Directed and written by: James Gunn
Starring: Chris Pratt. Zoe Saldana. Dave Bautista. Vin Diesel. Bradley Cooper. Michael Rooker. Karen Gillan. Pom Klementieff. Elizabeth Debicki. Kurt Russell.
Running time: 136 minutes
In the avalanche of Marvel media, the first Guardians Of The Galaxy movie managed to stand out as the unique, creative snowflake in the mass. A great soundtrack, vastly different characters in a spectacular and far fetched setting of a extravagant, pantomime in space. Being detached from the globe and chain that is Earth, gave James Gunn freedom to set his own flavour and damn was it sweet. A human becoming an alien in a vibrant space, his retro nostalgia now a stark standout and oddity in a luxurious galactic gallery. Relentlessly colourful, exciting and trendsetting, like if a shelf of clothes collapsed on you in Bruno Mars’ walk-in wardrobe. It’s an enjoyable and stylish, sensory overload.
In this latest venture of vagabonds this story plays out in the same way Peter Quill sees the universe, centering mostly around him. It helps that Chris Pratt could be liquidised and bottle as instant likability, being the most amiable person who ever lived. Star Lord is possibly the most lovable rogue space has seen who isn’t wearing a brown coat or scruffily herding Nerfs. Quill encounters Ego, a name just begging to be trusted, and in doing so Peter learns more about his past and connection to a far away planet. In a festival of glorious special effects and more musical treats, this act also has a lot of character plates to spin. As a sequel to such a strong outing with beloved heroes it also has more expectation heaped on it, than if The Beatles had written a new national anthem live on TV.
The story is fortunately pretty brilliant, with a fast pace that steals the breath you were using for sigh of relief at another cinematic victory. Again a swashbuckling ride through space. An epic yet personable and oddly relatable tale with the style dial turned fully up to eleven. Characters are spread out but stay in careful orbit around the glowing star of a central plot. Unlike Force Awakens which seemed scared to let you and the film rest, Guardians 2 has the confidence to slow down to great effect. The time on Ego’s planet allows dynamics to breathe and mature like fine, narrative wine. It feels fresh yet oddly familiar as it resembles old science fiction pacing, like an away mission on the original Star Trek series. Together on a strange new world, unwrapping a pass the parcel of plot one layer at a time.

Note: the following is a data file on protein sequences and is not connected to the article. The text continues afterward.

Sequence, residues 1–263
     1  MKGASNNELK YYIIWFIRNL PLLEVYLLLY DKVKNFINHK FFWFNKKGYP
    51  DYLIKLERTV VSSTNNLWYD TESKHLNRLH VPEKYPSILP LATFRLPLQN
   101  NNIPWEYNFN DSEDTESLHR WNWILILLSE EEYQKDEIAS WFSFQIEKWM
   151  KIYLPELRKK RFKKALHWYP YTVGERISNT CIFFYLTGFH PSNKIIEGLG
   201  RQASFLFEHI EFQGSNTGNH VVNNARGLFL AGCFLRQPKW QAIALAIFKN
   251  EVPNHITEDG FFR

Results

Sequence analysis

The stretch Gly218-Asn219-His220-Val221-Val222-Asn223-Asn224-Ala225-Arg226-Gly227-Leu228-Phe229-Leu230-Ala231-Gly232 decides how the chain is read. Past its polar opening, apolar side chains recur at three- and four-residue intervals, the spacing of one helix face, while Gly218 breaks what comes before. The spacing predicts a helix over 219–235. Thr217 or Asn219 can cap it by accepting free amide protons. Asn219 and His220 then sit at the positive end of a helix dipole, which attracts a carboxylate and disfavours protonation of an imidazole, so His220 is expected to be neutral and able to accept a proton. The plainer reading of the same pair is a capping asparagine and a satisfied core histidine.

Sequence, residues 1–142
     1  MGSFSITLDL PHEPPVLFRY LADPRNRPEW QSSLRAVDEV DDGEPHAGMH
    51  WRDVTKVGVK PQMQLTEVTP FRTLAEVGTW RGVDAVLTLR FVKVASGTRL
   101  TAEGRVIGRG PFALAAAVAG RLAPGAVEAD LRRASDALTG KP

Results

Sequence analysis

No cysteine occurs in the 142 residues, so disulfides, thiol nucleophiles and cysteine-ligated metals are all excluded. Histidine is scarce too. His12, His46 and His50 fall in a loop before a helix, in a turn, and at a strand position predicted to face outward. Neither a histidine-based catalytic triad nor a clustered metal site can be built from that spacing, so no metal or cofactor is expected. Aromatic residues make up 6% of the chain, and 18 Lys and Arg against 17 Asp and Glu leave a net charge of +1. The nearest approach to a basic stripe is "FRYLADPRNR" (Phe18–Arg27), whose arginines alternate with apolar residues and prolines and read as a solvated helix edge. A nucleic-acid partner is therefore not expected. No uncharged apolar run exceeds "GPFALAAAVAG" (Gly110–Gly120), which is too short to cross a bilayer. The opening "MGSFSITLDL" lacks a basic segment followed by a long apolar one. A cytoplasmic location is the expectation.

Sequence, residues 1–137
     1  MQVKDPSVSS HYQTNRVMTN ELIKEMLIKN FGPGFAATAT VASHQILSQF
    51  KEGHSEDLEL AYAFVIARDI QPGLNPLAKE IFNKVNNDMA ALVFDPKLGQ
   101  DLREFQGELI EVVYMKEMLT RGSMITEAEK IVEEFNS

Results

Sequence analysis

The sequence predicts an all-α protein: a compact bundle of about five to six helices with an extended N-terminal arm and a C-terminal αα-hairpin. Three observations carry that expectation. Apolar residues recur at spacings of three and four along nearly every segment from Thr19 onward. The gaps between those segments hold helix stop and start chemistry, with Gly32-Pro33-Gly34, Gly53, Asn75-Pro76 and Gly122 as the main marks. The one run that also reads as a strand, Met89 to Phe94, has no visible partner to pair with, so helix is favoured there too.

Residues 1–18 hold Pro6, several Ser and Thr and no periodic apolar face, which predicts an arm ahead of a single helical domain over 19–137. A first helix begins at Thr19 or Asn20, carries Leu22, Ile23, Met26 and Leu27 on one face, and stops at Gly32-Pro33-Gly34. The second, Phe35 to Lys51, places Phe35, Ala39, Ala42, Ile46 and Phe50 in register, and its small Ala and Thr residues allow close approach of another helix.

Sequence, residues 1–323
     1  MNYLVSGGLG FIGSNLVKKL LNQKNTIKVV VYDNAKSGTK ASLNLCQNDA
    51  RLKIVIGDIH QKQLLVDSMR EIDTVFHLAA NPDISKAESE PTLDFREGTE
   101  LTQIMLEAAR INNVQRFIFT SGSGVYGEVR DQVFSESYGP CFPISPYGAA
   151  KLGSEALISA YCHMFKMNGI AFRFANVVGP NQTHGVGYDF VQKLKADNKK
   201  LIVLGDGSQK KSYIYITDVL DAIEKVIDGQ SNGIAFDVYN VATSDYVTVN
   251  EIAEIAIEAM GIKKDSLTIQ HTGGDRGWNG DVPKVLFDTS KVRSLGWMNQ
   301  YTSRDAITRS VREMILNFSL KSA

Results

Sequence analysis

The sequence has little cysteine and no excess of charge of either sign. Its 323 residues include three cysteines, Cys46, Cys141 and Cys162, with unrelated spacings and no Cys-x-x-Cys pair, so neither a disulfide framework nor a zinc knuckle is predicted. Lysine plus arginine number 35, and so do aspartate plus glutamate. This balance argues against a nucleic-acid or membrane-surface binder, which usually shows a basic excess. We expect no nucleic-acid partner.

The characters are of course the fluffy bread and creamy butter of this success sandwich. Luckily their numerous personal arcs and the script are handle with care and affection. It also helps that this cast contains more stars than the night sky. The flurry of jokes hit far more often than the odd miss. Quill is reliable, the leader as quick to dish out quips as he is bullets. Drax has a laugh that is now my favourite noise in or out of this world, his frank honesty used for both humour and profound emotion alike. Gammorah is the fierce bad ass, her Nebula backstory almost Shakespearean depth wrapped in science fiction fun. Also they still find ways to make her accidentally funny or amusing in her gruff abruptness and eye rolling displeasure. Baby Groot is triumph for the story as much as the marketing and toy department, he really ties the team together as the family of Marvel. What the Fantastic Four should have been. This shows the almost worn out message that family are the ones you choose. Yet while other films flash this message out in panicked neon, Guardians displays it with warm, understated and meaningful glow. Rocket is hilarious but also maybe the most heartbreaking, Cooper’s voice acting skipping from fierce to vulnerable in a fractured heartbeat. His burden as the living error gnawing away at the most wooden of viewers.